Our Science – Blumenthal Website
Robert Blumenthal, Ph.D.
Multifunctional Nanoparticles for Targeted and Triggered Delivery of Therapeutics
The design of multifunctional nanoparticles that deliver their payload into specific organelles and cell interiors is one of the main challenges facing nanotechnologists involved in nanomedicine. Nanoparticles are extensively being employed to preferentially concentrate drugs and therapeutic agents in tumor sites. This tumor-targeting strategy known as enhanced permeation and retention (EPR) has first been used in the clinic for particle-mediated delivery by liposomes. Our research focuses on the architecture, composition and function of cell membrane that acts as the frontier between the cell and its environment. The cell/plasma membrane encompasses a lipid-based sheath that encloses the cytoplasm, and creates a selectively permeable barrier. These lipid bilayers are thin, flexible self-sealing boundaries that are used by cells to create regions of different composition and electrochemical potential. The lipid bilayers also bear glycoconjugates interspersed with proteins, which serve as gatekeepers to regulate active and passive transport of molecules essential for cellular functions. The living cell must retain molecules, such as DNA, RNA, and its variety of proteins from dissipating away, while keeping out foreign molecules that might damage or destroy the cell's contents, including molecules essential for life. Our task as cancer nanotechnologists is to find clever ways of selectively destroying diseased (cancer) cells while leaving normal cells intact. Our approach is to design lipid-based nanoparticles (such as liposomes) to specifically target and deliver drugs/genes to tumor cells.
Photo-induced Chemical Reactions in the Membrane: Applications to Vaccine Development and Chemotherapy
We are developing a new chemical nanobiology that involves reaction of photo-activable probes within a membrane, which serves as a 50 nm, highly organized hydrophobic container. We have used the membrane bilayer specific probe iodonaphthylazide (INA) that reacts with proteins and lipids following activation in situ either by direct UV irradiation or by energy transfer from a variety of donor chromophores. We have used this method in an analytic model to establish which proteins of the viral envelope penetrate the target cell membrane in the course of infection. The covalent modification of membrane proteins and lipids also modifies the function of membrane proteins. When applied to enveloped viruses, the treatment resulted in a complete loss of infectivity due to a loss of function of viral fusion proteins. We have shown the wide applicability of this inactivation technique to HIV, Influenza, Ebola, Marburg, Dengue and VEE viruses. By exclusively targeting the lipidic domain, exposed epitopes are preserved making the inactivated pathogens excellent vaccine candidates potentially applicable to cancer vaccines. When applied to whole cells the treatment resulted in loss of signaling function of cell surface receptors and loss of transport function of multi drug resistance transporters. Overall, photo-activation of INA in various cell lines, including those over-expressing the multi-drug resistance transporters leads to apoptosis. We are developing this new modality for cancer treatment using small hydrophobic molecules that can be turned into tumor killing toxic compounds by targeted radiation and ultrasound.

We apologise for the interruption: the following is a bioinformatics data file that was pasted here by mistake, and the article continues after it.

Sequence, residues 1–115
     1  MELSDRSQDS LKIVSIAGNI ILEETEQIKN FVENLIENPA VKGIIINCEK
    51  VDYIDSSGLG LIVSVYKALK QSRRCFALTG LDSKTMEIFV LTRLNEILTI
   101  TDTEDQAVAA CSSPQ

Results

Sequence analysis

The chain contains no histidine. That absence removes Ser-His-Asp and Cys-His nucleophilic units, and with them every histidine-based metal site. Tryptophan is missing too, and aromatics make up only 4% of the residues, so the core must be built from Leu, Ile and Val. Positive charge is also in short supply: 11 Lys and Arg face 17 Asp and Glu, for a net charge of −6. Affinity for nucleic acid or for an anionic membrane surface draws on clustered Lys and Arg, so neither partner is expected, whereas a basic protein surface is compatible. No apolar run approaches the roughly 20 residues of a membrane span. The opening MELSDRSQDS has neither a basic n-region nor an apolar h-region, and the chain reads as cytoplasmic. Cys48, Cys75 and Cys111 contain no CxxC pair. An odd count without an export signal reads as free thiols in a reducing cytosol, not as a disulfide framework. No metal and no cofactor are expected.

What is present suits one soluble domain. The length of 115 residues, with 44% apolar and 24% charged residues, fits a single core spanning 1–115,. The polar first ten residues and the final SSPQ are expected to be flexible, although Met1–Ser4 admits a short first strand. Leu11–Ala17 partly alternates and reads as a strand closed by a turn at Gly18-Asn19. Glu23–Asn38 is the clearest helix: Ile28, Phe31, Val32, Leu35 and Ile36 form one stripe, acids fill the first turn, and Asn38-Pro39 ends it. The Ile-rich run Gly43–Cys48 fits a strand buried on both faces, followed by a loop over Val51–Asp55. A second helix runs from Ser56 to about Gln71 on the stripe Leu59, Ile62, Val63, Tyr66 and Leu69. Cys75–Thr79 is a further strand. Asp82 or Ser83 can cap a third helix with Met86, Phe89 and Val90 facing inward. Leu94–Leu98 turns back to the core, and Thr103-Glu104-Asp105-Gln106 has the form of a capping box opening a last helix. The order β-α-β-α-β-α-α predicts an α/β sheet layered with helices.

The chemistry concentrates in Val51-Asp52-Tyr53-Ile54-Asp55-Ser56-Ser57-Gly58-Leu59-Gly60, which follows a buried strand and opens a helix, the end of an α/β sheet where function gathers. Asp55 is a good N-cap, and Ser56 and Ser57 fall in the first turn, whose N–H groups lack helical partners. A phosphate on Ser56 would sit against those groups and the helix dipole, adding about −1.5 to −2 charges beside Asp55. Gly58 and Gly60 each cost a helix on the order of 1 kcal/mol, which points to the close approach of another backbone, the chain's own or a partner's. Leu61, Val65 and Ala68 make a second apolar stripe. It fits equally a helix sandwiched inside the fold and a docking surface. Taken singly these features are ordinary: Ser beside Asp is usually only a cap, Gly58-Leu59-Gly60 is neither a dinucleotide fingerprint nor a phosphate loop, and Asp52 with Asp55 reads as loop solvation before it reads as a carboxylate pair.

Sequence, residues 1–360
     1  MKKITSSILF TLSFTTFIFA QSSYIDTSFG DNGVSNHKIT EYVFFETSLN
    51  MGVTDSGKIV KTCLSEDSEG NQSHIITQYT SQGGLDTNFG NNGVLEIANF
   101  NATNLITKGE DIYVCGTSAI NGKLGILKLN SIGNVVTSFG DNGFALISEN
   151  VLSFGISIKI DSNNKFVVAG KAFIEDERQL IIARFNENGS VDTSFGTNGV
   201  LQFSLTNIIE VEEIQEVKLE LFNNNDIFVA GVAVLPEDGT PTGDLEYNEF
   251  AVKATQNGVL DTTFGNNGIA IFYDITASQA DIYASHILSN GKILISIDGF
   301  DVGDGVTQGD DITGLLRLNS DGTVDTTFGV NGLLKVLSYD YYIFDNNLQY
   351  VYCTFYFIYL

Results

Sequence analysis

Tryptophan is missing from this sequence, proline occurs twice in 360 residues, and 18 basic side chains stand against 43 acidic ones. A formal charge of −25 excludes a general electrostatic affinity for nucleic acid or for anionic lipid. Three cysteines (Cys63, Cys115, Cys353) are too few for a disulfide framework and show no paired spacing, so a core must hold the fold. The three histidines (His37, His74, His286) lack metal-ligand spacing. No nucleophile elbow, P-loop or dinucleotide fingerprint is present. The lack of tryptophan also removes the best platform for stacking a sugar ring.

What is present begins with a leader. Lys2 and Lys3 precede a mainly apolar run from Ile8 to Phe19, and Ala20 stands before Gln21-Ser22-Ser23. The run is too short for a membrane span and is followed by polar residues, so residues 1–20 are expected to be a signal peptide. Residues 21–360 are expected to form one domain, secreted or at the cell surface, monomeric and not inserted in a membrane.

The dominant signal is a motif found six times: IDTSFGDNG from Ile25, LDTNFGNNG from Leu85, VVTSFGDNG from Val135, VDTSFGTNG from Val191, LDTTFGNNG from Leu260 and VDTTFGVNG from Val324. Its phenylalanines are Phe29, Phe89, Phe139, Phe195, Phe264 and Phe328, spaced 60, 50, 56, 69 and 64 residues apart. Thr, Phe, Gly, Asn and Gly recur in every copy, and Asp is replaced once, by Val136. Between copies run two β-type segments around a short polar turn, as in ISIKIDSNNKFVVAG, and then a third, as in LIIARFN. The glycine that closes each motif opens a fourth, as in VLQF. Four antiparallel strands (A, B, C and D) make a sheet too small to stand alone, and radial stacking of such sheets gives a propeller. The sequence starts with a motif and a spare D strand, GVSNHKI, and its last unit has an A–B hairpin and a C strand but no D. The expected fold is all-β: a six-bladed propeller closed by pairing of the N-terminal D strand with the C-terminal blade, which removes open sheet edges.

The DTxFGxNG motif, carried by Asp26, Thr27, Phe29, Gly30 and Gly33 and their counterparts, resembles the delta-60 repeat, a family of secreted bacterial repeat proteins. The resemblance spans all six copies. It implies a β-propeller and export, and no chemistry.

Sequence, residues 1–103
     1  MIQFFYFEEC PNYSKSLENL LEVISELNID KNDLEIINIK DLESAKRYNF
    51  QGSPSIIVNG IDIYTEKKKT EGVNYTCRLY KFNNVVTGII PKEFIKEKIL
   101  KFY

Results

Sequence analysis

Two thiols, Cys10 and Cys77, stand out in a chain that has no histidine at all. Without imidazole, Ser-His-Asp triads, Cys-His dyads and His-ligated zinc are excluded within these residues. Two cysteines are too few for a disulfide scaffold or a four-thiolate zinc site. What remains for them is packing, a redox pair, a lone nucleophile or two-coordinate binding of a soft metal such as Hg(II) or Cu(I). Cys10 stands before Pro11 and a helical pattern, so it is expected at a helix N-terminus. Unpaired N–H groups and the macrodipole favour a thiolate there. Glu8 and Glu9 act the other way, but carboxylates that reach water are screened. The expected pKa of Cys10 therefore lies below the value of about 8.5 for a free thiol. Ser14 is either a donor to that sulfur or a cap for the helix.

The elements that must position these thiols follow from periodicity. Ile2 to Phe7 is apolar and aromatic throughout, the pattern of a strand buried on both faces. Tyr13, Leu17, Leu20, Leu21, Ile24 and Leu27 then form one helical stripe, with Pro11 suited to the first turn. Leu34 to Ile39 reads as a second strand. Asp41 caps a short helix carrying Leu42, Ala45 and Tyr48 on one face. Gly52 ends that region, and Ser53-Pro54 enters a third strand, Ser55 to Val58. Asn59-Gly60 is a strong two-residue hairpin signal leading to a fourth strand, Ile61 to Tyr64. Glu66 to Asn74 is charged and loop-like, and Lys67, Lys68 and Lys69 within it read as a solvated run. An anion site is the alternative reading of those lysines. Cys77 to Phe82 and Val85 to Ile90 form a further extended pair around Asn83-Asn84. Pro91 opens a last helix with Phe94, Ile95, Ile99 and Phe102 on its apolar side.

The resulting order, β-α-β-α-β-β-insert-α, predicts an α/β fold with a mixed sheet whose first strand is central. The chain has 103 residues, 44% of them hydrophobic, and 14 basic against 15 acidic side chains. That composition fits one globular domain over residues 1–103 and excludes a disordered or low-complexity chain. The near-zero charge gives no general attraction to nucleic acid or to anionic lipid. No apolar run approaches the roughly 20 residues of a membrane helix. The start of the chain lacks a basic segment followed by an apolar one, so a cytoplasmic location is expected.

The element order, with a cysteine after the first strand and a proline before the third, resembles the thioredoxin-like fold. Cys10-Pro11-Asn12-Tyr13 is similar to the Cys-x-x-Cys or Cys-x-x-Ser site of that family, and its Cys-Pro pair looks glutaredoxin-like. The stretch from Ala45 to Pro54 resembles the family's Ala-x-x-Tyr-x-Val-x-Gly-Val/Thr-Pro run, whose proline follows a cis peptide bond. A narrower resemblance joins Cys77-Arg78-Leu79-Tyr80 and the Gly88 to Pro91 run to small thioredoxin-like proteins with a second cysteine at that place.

This page was last updated on 2/19/2013.